Food joints down shutters as second wave takes a toll on business

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July 13, 2021 4:45 AM

While companies had been trying to get their businesses back in shape post the lockdown last year, a devastating second wave and the ensuing restrictions this year made it difficult for them to sustain operations. Arush Malik, founder & CEO at The Immigrant Cafe, recently shut down his outlet in New Delhi’s plush Khan Market.

It was becoming nearly impossible to shell out a significant Rs 8 lakh in rental payments per month amid dwindling sales.It was becoming nearly impossible to shell out a significant Rs 8 lakh in rental payments per month amid dwindling sales.

Lockdown restrictions may have eased but you may still be in for a disappointment if you planned to visit your favourite joint for a quick bite or a high street coffee bar for some hot cappuccino. Reason: Covid has compelled many restaurateurs to shut shop.

While companies had been trying to get their businesses back in shape post the lockdown last year, a devastating second wave and the ensuing restrictions this year made it difficult for them to sustain operations. Arush Malik, founder & CEO at The Immigrant Cafe, re cently shut down his outlet in New Delhi’s plush Khan Market. It was becoming nearly impossible to shell out a significant Rs 8 lakh in rental payments per month amid dwindling sales. In pre-Covid times, each outlet garnered some Rs 35-40 lakh in sales on an average per month.

That came down to about Rs 20 lakh in February when the situation was better. “Having a cost of Rs 8 lakh and incurring staff salary expenses were too much to be taken on, so we had to let go to ensure economies of scale. We tried on deliveries but it did not work out. During the second lockdown, not many orders were coming as almost everyone had an ill patient to cater to,” Malik told FE. The company now runs only one outlet at Connaught Place.

Premium pizza brand 1441 Pizzeria had already shut down all 12 of its kiosks within Inox premises, two standalone dine-in outlets in Bengaluru and one mall outlet in Pune when the first wave hit, reducing its total store count to nine. The brand is now relocating two of its flagship stores in Mumbai’s Lokhandwala and Fort to cheaper rentals. “The landlords were very supportive during the first wave. But this time, they did not extend any help,” said brand head Vandini Gupta.

Delivery was never a focus area for the firm that specialises in making wood fired pizza. Gupta said that the company invested heavily in R&D for perfecting the pizza for delivery. The brand started a clutch of delivery only kitchens during the pandemic and the strategy ahead will be to have a mix of dine-in and delivery only outlets depending on the location and consumers’ purchasing power. The company started five new delivery only kitchens and runs a handful of dine-in outlets across Mumbai, Pune, Ahmedabad, Surat and Hyderabad currently. However, business is meagre and unless operational restrictions are removed, recovery will be a far cry. “About 90%-95% of the business is still thriving on deliveries,” said Gupta.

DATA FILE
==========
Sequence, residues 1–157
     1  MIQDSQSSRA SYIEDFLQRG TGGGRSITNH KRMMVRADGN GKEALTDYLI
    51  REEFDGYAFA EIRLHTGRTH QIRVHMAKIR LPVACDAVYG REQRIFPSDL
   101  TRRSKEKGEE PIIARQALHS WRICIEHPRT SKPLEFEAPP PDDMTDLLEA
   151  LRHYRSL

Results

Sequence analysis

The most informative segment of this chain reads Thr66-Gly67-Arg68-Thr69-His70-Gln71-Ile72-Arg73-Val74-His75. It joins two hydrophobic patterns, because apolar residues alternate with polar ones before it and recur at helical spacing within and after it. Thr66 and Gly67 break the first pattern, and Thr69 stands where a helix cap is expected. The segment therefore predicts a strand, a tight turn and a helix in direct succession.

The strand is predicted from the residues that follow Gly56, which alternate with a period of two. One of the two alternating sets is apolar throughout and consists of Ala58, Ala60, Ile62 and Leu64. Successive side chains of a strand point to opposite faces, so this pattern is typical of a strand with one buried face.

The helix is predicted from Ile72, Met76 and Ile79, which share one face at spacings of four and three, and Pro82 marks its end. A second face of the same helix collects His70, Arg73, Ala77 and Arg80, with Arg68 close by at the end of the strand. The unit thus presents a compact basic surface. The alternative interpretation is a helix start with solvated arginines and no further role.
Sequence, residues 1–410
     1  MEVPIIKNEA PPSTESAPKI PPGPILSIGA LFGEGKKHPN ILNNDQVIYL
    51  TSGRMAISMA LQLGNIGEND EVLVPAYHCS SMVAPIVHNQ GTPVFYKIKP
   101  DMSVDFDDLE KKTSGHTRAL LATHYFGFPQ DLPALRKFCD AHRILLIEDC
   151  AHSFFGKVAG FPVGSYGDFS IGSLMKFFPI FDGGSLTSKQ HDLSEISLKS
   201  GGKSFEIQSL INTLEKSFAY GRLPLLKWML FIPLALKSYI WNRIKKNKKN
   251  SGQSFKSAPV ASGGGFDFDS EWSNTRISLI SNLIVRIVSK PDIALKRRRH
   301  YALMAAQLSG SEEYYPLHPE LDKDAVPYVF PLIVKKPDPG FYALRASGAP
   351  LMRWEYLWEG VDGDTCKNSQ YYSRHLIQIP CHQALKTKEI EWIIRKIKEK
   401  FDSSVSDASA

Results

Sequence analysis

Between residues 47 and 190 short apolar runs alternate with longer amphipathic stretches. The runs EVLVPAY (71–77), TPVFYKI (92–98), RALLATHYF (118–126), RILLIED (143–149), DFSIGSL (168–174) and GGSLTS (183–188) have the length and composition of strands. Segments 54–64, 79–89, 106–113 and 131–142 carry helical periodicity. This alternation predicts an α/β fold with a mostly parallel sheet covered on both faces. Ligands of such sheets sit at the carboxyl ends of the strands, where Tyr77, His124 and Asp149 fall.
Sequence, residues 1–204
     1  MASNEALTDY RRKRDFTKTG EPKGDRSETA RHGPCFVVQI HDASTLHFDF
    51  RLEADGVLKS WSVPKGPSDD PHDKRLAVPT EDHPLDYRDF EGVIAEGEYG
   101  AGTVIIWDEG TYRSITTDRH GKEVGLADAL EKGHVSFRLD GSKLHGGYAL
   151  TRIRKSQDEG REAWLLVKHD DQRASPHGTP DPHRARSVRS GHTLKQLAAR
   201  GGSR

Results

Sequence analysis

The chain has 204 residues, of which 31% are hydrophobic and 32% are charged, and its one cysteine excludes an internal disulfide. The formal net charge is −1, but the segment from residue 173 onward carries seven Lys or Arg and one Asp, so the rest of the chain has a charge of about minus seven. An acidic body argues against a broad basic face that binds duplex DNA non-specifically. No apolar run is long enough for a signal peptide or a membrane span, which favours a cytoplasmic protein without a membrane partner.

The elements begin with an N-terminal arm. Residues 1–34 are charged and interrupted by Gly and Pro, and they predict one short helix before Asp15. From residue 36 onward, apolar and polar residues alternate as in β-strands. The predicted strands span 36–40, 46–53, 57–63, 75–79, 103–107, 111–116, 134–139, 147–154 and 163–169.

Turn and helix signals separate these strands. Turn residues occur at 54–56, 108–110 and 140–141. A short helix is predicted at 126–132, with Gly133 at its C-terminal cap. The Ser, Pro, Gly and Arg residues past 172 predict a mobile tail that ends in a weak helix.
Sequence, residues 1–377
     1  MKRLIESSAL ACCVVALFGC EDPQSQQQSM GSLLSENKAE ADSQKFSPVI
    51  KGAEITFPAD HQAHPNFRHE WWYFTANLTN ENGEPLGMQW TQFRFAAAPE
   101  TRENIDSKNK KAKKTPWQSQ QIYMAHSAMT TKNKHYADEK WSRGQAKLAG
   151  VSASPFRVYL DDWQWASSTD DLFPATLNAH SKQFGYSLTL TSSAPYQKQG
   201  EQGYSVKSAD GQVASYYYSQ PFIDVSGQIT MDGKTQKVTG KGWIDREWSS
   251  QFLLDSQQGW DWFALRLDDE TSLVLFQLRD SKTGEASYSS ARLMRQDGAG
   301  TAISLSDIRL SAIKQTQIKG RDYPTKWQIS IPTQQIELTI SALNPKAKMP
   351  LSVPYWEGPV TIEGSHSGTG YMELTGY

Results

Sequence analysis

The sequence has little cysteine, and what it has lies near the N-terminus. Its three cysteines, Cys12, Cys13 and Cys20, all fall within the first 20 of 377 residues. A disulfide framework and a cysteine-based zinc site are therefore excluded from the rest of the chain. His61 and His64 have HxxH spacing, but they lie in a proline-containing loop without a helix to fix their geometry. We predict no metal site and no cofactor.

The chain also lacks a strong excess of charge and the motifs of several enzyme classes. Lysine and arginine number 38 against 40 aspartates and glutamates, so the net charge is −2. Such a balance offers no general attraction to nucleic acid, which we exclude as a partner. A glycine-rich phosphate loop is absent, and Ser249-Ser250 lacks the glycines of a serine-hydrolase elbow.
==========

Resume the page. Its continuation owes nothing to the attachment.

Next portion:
According to estimates given by FHRAI, nearly 40% of restaurants and hotels in the country have shut down permanently and about 20% have not opened fully since the first lockdown. The remaining 40% continue to run in losses.

Bihar-based Old Champaran Meat House closed its Delhi chain and another four outlets across cities, including Varanasi and Bhagalpur. The brand that was also aiming to make its international foray by 2022 halted its expansion plans. “We had to pay a hefty rent with almost zero income which is why we had to shut down the outlets and give up rental spaces,” owner Gopal Kumar Khushwaha said.

Angad Singh Dua, owner at Yummy Adda, had to recently let go of his mall outlet in Delhi’s Nehru Vihar. Dua managed to hold on to the space during the first lockdown but given the already shrinking volume of business, he recently had to close operations completely. Besides, his landlord refused to cooperate. Dua primarily catered to university students residing in the nearby areas but the closure of university campuses crippled his business. Sales declined by as much as 70% compared to pre-Covid.

“Opening a restaurant requires high capital and if the daily business turnover gets impacted due to periodic closure owing to lockdowns, survival becomes difficult..unless I have visibility of at least six months of no lockdowns or at least 25% of general population getting vaccinated, I will not be able to think of opening my restaurant at least in the same way as it was before,” said Dua.

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